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Old Jul 29, 08, 11:40 pm
Join Date: Nov 2007
Location: Uncertain
Programs: Korean Air, Lufthansa M&M, SPG ,United Mileage Plus
Posts: 908
... are yall talking about?

As per :

The German Constitution:

Article 116 par. 2 of the Basic Law (Grundgesetz) reads:

'Former German citizens who between January 30, 1933 and May 8, 1945 were deprived of their citizenship on political, racial, or religious grounds, and their descendants, shall on application have their citizenship restored. They shall be deemed never to have been deprived of their citizenship if they have established their domicile in Germany after May 8, 1945 and have not expressed a contrary intention.'

The above mentioned group of people mainly includes German Jews and members of the Communist or Social Democratic Parties.

The situation between 1933 and 1945:

Between January 30, 1933 and May 8, 1945 there were basically two laws pertaining to the loss of German citizenship.

With the 'Law on the Revocation of Naturalizations and the Deprivation of the German Citizenship' of July 14, 1933, some persons were deprived of their German citizenship individually. Their names were listed in the Reich Law Gazette ('Reichsgesetzblatt') and with the publication of the particular Reichsgesetzblatt they lost their German citizenship.

The main group of former German citizens, however, lost their citizenship with the 'Eleventh Decree to the Law on the Citizenship of the Reich' of November 25, 1941. This stipulated that Jews living outside Germany could not be German citizens. This mainly affected Jews who had left Germany in the years before or shortly after the beginning of the Second World War.

What does this mean for you?

Whoever lost his/her German citizenship due to either of these two regulations, is entitled to (re-)naturalization according to Article 116 par. 2 of the Basic Law. This applies also to his/her descendants.

However, Art. 116 par. 2 Basic Law only applies where a person was deprived of his/her German citizenship by application of those politically/racially motivated laws.

Whoever, while living outside of Germany, acquired a foreign citizenship upon his/her own application before his/her name was published in the Reich Law Gazette or before November 25, 1941 lost his/her German citizenship as any other German citizen would have lost it in accordance with Sec. 25 of the German Citizenship Act. If you acquired a foreign citizenship (i. e. US or Israel) upon your application and lost your German citizenship not as a result of politically motivated deprivation, you may be eligible nevertheless to reobtain your former German citizenship, if you emigrated from Nazi Germany for political reasons and applied for naturalization in your new home country as a result of this situation (in this case this would not apply to descendants). For further information, please contact the locally competent German mission.

How do I go about it?

The application for naturalization in both cases does not require a special form. Nevertheless, to facilitate the process of searching archives in Germany, we have prepared an application form on our website. Please fill in a printout, sign it and return it to the locally competent German mission with all documents available (e. g. old German passports of the German emigrant, birth certificates of emigrant, marriage certificates, copies of the naturalization papers of other states where the German emigrant had been naturalized after leaving Germany. If you are a descendant of such person, please submit all certificates of birth and marriage necessary to prove your descent from the former German citizen). Your signature under your application should be notarized either by a notary public or by your locally competent German mission or German honorary consul.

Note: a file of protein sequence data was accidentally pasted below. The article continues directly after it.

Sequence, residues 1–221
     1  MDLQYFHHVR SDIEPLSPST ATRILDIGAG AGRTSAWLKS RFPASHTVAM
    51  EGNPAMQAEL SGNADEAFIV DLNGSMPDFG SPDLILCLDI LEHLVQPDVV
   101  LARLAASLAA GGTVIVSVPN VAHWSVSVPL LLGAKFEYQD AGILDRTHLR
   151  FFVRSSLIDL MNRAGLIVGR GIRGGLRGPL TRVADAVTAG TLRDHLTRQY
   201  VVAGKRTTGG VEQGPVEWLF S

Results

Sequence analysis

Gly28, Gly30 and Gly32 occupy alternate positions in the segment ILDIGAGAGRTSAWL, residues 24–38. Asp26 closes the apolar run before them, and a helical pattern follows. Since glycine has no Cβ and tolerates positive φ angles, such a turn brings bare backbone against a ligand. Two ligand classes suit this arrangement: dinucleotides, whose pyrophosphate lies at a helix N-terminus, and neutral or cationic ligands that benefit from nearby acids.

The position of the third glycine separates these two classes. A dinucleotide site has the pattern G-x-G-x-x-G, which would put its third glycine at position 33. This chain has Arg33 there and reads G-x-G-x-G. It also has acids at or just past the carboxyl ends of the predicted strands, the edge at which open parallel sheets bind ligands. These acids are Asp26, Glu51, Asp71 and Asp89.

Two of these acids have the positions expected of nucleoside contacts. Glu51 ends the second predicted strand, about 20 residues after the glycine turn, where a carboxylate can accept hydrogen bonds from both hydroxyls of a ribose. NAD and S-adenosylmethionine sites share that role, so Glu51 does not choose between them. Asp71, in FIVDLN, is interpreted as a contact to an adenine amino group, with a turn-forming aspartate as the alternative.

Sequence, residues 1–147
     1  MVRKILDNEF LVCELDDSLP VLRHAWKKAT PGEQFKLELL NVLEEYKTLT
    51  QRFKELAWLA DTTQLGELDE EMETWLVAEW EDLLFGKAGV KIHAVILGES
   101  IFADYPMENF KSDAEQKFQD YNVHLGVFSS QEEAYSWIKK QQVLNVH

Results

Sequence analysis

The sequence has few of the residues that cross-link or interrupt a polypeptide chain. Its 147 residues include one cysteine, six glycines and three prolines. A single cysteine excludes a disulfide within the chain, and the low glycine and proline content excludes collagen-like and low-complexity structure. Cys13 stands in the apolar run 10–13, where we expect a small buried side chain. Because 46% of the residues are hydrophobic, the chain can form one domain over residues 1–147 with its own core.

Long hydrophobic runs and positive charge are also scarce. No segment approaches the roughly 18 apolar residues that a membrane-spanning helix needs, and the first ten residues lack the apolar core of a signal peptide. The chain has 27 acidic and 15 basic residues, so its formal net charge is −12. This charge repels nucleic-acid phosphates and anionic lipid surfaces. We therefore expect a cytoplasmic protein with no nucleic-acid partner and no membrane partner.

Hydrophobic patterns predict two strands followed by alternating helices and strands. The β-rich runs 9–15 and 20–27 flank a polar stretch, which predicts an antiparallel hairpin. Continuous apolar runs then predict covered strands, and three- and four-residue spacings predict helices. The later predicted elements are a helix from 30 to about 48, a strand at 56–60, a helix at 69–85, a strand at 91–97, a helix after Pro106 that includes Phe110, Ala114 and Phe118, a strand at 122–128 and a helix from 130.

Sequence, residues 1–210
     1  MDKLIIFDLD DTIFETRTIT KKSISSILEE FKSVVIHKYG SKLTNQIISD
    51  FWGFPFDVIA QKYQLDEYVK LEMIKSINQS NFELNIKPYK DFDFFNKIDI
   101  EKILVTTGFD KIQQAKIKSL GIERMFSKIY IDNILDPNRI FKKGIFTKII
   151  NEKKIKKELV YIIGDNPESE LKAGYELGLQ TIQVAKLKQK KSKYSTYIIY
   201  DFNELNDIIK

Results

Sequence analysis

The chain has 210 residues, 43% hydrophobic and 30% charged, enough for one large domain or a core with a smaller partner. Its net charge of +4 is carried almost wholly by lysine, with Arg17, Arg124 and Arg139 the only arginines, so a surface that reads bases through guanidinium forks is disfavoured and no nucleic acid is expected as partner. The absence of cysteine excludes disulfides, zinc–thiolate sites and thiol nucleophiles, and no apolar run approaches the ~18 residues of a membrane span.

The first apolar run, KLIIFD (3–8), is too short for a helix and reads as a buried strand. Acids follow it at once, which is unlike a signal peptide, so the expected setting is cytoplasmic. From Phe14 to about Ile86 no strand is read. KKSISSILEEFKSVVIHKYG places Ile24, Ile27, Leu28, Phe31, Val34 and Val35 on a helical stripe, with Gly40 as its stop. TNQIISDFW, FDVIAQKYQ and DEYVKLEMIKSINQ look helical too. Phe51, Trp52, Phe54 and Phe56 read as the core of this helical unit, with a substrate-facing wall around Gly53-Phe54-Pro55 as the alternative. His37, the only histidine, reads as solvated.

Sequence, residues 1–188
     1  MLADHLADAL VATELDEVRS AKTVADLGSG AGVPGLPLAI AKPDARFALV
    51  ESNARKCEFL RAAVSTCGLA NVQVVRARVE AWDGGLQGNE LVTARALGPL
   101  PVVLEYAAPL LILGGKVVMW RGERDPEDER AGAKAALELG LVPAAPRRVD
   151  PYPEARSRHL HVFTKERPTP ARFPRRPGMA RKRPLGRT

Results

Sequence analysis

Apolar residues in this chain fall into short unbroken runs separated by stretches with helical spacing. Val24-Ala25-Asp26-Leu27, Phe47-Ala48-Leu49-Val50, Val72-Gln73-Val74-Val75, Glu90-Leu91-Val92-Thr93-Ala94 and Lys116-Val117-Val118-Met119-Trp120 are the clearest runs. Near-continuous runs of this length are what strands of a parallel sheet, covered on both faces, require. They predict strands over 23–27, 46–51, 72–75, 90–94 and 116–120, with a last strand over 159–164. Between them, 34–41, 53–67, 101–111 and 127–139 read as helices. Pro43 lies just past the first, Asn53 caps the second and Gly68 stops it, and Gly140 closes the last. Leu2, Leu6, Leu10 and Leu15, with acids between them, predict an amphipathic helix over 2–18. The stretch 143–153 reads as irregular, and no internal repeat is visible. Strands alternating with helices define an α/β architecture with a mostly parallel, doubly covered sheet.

Once you have gathered all documents, you can contact the locally competent German mission to set up an appointment to go through your application. Necessary copies will be made of your documents and will be notarized by the consular officer, and the application will be forwarded to the appropriate office in Germany. If you can not come to the German mission personally, you are required to submit all documents as notarized copies. To obtain these, please contact your local notary public. All foreign documents should be translated: however, the Federal Office of Administration in Cologne, Germany, which decides over your application will accept documents in English. Documents in other than Latin scripture, will require translations (e. g. Hebrew, Russian).

The application is free of charge and might take up to a year, depending on the ability to find the necessary documents in archives in Germany. The more information you give, the easier it will be for the German office handling your application (German Federal Office of Administration - Bundesverwaltungsamt) to track down the required information. If you have family members who have already gone through the application process, please provide information on their application or send in a copy of their German certificate of naturalization ('Einbürgerungsurkunde')

Please call attention to name changes/alterations due to naturalization and transcriptions of German names into foreign languages (e. g. Müller to Mueller/Muller/Miller or Grünspan to Greenspan, abbreviations of first names e. g. Alfred to Fred, Johann(es) to John or even complete name changes of first and last names).


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Last edited by chrissxb; Aug 5, 08 at 5:57 pm Reason: answer to now deleted/edited post edited by mod.
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